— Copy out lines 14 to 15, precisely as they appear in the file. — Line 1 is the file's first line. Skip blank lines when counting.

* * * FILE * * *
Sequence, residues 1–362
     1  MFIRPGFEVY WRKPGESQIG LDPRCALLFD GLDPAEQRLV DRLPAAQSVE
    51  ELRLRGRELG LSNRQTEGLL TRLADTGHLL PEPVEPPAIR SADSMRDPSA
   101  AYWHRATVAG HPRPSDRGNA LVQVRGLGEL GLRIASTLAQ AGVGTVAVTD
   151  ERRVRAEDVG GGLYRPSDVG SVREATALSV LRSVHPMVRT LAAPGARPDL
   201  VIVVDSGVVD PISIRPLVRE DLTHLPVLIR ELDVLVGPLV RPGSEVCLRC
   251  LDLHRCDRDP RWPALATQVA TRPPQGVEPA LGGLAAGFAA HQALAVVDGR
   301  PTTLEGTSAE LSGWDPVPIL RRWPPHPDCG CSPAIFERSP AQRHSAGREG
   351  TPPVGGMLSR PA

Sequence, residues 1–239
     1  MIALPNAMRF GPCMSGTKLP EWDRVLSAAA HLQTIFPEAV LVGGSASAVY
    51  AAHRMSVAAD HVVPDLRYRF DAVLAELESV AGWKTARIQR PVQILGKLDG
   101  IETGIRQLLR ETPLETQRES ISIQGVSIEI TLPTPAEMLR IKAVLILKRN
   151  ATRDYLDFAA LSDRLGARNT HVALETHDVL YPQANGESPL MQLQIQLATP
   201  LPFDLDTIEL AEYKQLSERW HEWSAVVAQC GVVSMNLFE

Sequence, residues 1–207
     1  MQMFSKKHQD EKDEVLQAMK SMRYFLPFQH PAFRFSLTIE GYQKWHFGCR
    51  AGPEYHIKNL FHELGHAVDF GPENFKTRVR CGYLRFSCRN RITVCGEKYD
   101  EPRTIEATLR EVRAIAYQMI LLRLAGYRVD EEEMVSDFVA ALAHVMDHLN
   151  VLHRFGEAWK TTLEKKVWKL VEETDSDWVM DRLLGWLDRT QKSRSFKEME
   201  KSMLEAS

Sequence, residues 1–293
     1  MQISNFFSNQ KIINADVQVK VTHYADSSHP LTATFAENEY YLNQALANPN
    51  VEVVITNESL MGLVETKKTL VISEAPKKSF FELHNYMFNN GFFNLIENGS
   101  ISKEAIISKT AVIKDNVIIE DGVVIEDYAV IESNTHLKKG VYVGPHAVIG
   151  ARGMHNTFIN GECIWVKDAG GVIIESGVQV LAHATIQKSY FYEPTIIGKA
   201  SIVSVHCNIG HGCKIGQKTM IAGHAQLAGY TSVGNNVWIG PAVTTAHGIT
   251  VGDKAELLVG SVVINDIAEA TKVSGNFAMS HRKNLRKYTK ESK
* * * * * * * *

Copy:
   151  ATRDYLDFAA LSDRLGARNT HVALETHDVL YPQANGESPL MQLQIQLATP
   201  LPFDLDTIEL AEYKQLSERW HEWSAVVAQC GVVSMNLFE